Balliol has always had somewhat of a radical reputation. In the 1960s, the college witnessed an abortive coup when students took over the college and declared it the ‘People’s Republic of Balliol’. This is where Boris takes a different path. While at Balliol, he avoided the JCR (college student’s union) elections, knowing that it was a bastion of the Left. He stood for and won the Oxford Union elections (on the second try) by pretending to be a Social Democrat; the Union was dominated by the Left as well.
When Anthony Kenny - Master of Balliol while Boris was an undergraduate – recommended his name to a Social Democrat MP looking for an intern, Boris, fresh out of university, declined saying: ‘ Master, don’t you know I am a dyed-in-the-wool Tory?”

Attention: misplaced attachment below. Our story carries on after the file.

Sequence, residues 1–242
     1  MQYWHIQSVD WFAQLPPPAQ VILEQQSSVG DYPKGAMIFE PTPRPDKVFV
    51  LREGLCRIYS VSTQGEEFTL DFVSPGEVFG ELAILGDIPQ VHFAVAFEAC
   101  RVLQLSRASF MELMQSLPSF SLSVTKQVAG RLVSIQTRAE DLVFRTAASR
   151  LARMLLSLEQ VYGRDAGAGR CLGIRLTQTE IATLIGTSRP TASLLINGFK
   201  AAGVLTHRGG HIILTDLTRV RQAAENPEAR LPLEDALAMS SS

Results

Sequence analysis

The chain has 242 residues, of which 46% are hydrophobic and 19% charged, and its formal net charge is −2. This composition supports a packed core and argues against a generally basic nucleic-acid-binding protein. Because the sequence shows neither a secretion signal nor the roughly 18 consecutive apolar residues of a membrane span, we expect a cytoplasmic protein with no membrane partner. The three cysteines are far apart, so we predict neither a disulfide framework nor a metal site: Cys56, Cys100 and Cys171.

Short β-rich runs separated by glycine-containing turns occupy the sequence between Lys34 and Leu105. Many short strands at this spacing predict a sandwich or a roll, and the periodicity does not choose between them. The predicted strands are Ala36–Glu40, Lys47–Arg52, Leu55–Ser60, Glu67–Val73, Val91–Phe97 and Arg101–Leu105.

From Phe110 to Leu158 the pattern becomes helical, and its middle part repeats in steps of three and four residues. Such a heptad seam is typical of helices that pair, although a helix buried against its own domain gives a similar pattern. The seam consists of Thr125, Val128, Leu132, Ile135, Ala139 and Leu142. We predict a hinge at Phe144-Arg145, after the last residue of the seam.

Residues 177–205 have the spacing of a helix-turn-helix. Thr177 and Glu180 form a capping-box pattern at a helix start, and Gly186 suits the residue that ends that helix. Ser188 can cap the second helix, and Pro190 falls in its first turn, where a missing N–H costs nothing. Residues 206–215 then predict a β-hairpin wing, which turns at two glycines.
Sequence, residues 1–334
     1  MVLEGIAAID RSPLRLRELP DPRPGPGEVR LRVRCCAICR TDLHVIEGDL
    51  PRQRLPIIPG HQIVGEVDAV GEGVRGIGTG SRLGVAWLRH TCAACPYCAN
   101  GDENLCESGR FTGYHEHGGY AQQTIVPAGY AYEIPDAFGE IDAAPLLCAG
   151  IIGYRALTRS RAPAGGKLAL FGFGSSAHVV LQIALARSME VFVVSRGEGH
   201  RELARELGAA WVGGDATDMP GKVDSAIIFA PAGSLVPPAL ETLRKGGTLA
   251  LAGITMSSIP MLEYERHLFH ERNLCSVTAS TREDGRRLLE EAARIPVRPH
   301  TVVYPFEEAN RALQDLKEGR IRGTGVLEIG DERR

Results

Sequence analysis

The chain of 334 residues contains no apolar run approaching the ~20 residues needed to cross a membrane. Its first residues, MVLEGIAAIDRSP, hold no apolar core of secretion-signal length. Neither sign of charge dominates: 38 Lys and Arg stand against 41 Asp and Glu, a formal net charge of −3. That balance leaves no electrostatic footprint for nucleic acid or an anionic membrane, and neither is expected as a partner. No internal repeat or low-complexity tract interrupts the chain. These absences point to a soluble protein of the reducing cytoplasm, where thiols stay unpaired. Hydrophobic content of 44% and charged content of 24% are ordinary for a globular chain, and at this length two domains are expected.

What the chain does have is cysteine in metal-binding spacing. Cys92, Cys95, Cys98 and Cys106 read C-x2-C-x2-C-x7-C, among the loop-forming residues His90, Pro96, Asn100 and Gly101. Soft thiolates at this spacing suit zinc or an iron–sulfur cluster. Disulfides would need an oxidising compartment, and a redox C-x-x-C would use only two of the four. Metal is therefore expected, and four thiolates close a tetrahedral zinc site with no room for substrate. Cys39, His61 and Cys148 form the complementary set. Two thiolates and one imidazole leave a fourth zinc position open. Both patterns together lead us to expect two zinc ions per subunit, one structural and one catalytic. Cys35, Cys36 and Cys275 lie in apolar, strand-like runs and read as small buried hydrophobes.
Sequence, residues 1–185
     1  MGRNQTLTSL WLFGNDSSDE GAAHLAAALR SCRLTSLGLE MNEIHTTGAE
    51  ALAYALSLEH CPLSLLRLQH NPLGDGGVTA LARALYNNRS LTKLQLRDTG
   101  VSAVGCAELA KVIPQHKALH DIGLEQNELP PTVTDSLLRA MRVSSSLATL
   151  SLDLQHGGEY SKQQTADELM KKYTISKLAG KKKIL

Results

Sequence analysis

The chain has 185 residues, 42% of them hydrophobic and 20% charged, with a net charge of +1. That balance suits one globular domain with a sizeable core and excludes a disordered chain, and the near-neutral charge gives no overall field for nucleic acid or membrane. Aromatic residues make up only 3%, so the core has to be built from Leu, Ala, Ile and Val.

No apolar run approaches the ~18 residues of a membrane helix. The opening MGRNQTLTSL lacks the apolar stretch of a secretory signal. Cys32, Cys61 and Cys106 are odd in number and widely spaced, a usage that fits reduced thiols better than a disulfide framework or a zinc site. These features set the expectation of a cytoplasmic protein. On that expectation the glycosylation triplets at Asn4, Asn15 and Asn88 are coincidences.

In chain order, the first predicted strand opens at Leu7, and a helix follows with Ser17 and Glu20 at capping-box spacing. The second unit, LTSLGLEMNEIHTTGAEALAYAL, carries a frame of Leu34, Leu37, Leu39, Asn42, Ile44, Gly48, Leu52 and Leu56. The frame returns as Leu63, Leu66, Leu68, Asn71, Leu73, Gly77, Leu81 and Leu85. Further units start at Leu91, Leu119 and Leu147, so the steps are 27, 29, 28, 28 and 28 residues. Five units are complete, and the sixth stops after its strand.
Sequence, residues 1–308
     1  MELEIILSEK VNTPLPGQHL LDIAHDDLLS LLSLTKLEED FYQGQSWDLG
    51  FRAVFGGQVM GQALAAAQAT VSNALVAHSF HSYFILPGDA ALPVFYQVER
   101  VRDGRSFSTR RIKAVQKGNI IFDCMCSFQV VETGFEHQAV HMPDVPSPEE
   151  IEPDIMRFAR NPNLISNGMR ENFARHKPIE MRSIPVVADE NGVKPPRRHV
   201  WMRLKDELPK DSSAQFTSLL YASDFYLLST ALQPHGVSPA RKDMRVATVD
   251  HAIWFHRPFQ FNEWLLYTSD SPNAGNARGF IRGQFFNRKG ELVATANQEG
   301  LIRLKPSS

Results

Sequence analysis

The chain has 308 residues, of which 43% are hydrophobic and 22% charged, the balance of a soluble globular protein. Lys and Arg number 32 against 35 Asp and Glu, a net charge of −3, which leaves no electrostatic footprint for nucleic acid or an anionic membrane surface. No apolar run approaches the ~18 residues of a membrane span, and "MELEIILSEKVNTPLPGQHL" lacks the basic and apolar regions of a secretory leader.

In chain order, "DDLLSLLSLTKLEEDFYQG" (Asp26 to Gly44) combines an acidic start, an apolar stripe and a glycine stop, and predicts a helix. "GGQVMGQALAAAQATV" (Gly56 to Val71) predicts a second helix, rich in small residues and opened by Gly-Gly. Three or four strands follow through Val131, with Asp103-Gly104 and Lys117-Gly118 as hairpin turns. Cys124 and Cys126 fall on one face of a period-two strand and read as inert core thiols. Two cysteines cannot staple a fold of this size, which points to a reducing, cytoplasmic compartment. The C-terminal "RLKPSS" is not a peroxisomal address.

Kenny writes in Brief Encounters: Notes from a Philosopher’s Diary: ‘His strategy recalled Thomas Macaulay’s words about the difference between lying and deceiving: “Metternich told lies all the time, and never deceived any one; Talleyrand never told a lie and deceived the whole world.”’
One of the whimsical traditions at Balliol is the college tortoise who is looked after by a student with the designation, Tortoise Comrade. When I was there I occasionally spotted Rosa Luxembourg, named after the famous German Marxist. Rosa disappeared in 2004 and hasn’t been traced. Rosa was around for 43 years; Boris and I petted the same tortoise.
Politically speaking, Boris’ approach more resembles that of a hare. As Lord Michael Heseltine, businessman and politician, said last year, Boris ‘waits to see the way the crowd is running and then dashes in front.’ Certainly not Rosa’s style.
(The writer is the author of The Butterfly Generation & the editor of House Spirit: Drinking in India)